Memorial Day

POST 1072

This essay was originally posted on Memorial Day, 2012, with wars raging in Iraq and Afghanistan and is offered today (with some updating) as a reminder of what this holiday is about. You can also have a look at another Memorial Day post here.

Arlington CemetaryOur War Dead

It was originally called Decoration Day (see below), a formal day of remembrance of the fallen Union soldiers of the Civil War. The refreshing of their graves was the order of the day and it was later extended to all Civil War dead.  It became known as Memorial Day in 1967 and was declared to be in honor of the American dead from all of our wars. That federal re-naming packaged all of the various honoring ceremonies for our war dead and all the individual traditions practiced around the country into a neater package, something that apparently was important in 1967. In addition, the date of remembrance was shifted from May 30 to the last Monday in May so that there would be a 3-day weekend and time for mattress sales.

We no longer conscript our young into military service and instead rely upon a voluntary corps of warriors, leaving the rest of us to follow the imperative of former President Bush in time of war, that we go shopping. That’s handy, as shopping is more pleasant than thinking about our young crawling through a jungle or a desert and being shot at.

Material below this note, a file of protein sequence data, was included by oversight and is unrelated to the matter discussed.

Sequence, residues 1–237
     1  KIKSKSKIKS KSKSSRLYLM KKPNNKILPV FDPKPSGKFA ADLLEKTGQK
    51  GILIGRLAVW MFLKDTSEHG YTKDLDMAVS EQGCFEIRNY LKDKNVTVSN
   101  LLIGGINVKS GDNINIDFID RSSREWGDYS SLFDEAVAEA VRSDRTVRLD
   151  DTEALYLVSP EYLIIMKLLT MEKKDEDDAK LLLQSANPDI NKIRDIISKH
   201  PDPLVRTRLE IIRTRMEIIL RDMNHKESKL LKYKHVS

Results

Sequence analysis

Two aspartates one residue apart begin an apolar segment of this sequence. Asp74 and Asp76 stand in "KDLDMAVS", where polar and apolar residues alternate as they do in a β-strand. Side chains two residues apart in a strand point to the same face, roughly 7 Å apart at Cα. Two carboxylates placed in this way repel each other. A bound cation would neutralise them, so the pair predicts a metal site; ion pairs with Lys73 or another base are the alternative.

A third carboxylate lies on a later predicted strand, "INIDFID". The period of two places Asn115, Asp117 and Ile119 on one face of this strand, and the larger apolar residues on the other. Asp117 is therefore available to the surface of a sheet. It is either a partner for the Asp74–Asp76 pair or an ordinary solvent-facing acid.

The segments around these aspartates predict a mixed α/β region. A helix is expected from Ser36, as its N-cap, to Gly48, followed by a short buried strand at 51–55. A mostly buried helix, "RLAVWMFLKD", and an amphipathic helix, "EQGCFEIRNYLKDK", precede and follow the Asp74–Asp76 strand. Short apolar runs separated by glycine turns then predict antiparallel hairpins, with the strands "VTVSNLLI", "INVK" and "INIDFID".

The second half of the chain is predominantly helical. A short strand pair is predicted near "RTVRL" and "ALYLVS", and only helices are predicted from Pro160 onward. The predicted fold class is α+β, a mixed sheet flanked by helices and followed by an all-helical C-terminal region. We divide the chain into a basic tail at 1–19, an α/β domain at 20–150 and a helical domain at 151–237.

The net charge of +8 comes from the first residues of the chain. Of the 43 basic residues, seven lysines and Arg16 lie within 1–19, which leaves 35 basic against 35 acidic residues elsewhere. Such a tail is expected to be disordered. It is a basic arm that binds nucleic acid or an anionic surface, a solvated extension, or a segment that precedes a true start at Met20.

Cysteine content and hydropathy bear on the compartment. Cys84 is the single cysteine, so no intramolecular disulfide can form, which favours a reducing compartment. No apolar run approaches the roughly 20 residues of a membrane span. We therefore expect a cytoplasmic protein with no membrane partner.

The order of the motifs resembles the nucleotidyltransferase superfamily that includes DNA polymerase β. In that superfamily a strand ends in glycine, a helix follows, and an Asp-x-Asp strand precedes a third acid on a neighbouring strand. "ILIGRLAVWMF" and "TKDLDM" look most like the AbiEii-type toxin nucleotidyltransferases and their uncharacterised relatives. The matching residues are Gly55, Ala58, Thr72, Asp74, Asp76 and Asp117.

Then we see a soldier in desert fatigues walking through the airport, wearing his boots, the color of desert sand, his camouflage backpack hung from his shoulders, and we know he’s either on his way to or from trouble and war becomes real to us. It’s already quite real to that GI in his desert fatigues.

Study this picture and you’ll understand. Source unknown

Memorial Day is not for that soldier. It is for those who have died. What is poignant is that the soldier in the airport might be one of those whom we remember next year.

Memorial Day is intended to be a somber event, a Decoration Day for refreshing graves. It is not about parades with circus clowns to entertain us or political clowns to promote themselves. It is about the renewal of our individual and collective memory of those who can no longer march, lest we forget them. And it is to honor those who loved them, to understand their pain, even for just a few sacred moments.

Duty, Honor, Country

Go to your local Memorial Day ceremonies today, be they in person or virtual. Remember and honor our fallen ones and say “Thank you.”

Before you go, watch this short video from Adam Kinzinger. I know you’ll understand his message.

In Closing
Decoration Day, by Henry Wadsworth Longfellow, pub. 1882
Sleep, comrades, sleep and rest
On this Field of the Grounded Arms,
Where foes no more molest,
Nor sentry’s shot alarms!
Ye have slept on the ground before,
And started to your feet
At the cannon’s sudden roar,
Or the drum’s redoubling beat.
But in this camp of Death
No sound your slumber breaks;
Here is no fevered breath,
No wound that bleeds and aches.
All is repose and peace,
Untrampled lies the sod;
The shouts of battle cease,
It is the Truce of God!
Rest, comrades, rest and sleep!
The thoughts of men shall be
As sentinels to keep
Your rest from danger free.
Your silent tents of green
We deck with fragrant flowers
Yours has the suffering been,
The memory shall be ours.
The Statistics

Today is a good day to be the light

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